Maine's Republican Gov. Paul LePage fended off a re-election challenge from six-term Democratic congressman Mike Michaud on Tuesday, securing himself a second term as governor.
"Thank you for trusting in our mission," LePage said, as he took to the stage to thank his supporters. "Tonight I'm very very humbled, I'm very proud, because 50 years plus, I was raised across the street. I'm home, but home is Maine."
Michaud conceded to LePage shortly after 12:30 a.m. Wednesday.
"Tonight, the voters of Maine have spoken," Michaud said. "Though we may have come up a little short, I know it's not because of a lack of dedication, passion and commitment from all of you... I want to congratulate Mr. LePage on his re-election. This election is over, but the hard work of building a better tomorrow continues."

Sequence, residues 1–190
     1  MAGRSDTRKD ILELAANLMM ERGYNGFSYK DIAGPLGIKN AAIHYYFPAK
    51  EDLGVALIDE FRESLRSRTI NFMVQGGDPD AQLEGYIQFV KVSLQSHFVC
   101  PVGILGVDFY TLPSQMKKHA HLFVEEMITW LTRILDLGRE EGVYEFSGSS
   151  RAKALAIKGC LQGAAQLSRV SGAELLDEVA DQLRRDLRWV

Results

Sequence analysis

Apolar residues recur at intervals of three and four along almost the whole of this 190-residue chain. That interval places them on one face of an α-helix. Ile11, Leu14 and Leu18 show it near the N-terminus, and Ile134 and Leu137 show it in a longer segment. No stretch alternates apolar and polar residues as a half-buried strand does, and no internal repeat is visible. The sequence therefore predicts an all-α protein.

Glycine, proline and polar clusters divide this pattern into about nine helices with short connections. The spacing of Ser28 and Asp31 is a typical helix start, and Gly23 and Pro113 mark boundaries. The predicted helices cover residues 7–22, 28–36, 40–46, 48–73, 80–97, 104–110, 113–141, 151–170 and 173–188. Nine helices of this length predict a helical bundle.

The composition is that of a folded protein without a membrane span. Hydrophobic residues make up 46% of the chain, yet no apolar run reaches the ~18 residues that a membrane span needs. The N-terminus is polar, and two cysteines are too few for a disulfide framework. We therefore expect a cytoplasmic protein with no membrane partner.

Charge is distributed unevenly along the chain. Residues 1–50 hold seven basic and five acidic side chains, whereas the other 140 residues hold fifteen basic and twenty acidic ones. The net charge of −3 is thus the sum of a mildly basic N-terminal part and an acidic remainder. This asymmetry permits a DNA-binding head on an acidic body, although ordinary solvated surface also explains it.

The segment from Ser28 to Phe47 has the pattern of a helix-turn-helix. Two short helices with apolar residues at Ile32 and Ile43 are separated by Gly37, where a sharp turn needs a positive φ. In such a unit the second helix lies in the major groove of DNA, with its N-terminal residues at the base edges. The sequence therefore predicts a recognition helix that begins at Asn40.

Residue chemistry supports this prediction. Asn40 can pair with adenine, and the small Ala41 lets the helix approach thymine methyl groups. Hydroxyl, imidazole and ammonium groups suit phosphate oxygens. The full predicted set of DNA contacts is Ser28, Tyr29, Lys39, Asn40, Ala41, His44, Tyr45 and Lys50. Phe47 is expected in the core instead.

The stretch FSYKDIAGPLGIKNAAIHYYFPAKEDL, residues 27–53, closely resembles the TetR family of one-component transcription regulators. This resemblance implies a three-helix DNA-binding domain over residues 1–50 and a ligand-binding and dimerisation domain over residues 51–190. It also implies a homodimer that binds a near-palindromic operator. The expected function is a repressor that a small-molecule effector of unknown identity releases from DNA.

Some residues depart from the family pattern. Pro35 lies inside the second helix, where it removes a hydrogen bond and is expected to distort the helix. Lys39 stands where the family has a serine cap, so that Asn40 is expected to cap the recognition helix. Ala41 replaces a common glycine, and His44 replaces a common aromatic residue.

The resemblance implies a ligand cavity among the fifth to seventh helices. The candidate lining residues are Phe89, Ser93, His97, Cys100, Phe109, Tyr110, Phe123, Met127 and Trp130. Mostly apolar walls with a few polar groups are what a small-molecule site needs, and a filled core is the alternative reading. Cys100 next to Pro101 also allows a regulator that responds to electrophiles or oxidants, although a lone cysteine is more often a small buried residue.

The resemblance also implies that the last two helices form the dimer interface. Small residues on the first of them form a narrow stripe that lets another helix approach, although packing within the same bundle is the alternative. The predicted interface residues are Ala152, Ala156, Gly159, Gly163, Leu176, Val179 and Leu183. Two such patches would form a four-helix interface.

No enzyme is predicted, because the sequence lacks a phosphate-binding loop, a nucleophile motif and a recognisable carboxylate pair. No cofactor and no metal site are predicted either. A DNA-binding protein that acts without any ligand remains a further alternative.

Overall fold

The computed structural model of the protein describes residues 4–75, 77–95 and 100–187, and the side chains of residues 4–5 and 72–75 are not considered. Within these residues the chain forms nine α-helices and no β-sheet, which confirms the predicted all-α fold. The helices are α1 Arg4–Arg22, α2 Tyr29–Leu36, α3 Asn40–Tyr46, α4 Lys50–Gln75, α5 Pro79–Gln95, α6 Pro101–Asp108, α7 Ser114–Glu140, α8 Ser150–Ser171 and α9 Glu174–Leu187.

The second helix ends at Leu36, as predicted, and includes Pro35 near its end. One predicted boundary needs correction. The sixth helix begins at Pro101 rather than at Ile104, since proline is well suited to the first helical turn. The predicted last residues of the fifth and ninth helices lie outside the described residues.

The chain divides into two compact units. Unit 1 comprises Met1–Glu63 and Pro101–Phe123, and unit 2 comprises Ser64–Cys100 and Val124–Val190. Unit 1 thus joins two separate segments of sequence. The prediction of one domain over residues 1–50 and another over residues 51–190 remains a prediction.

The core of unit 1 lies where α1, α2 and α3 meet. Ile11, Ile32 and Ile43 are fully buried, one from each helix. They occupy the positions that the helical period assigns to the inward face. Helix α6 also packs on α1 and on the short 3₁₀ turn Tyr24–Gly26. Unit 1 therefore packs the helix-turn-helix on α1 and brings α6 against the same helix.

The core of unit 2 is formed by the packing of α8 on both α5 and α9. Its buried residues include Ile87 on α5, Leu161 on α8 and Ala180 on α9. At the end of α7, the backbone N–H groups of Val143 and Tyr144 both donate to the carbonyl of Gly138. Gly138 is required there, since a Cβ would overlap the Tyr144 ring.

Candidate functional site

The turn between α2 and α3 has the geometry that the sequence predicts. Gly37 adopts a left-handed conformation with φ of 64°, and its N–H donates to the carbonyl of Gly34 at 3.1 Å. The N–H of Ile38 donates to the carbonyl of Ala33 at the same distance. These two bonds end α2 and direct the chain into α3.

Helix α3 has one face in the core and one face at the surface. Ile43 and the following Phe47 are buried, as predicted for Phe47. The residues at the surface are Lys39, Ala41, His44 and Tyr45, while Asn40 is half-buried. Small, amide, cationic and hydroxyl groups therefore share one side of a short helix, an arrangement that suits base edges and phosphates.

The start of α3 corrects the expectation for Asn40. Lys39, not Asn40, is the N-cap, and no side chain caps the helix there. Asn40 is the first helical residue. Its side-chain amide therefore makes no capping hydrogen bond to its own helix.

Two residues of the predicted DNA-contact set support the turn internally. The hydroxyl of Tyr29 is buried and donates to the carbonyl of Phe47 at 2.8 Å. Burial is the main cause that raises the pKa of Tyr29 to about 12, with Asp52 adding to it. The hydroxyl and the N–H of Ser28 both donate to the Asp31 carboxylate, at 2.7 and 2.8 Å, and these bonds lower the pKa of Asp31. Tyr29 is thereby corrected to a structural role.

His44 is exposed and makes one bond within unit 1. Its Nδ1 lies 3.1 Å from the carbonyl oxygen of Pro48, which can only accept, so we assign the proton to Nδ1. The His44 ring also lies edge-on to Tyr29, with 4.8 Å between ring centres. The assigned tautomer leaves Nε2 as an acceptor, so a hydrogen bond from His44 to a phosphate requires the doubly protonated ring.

LePage faced Michaud and independent attorney Eliot Cutler on Tuesday in a race dominated by debates on issues like health care and the economy.
The 65-year-old LePage focused his re-election bid on his efforts to improve the state's business climate, trim taxes and overhaul welfare programs.
As LePage and Michaud remained neck and neck in the polls for months, observers believed the outcome would hinge on Cutler's impact on the race.
Democrats had feared Cutler would siphon votes from Michaud to give LePage another four years in the Blaine House. Republicans embraced Cutler's candidacy and even touted him in ads.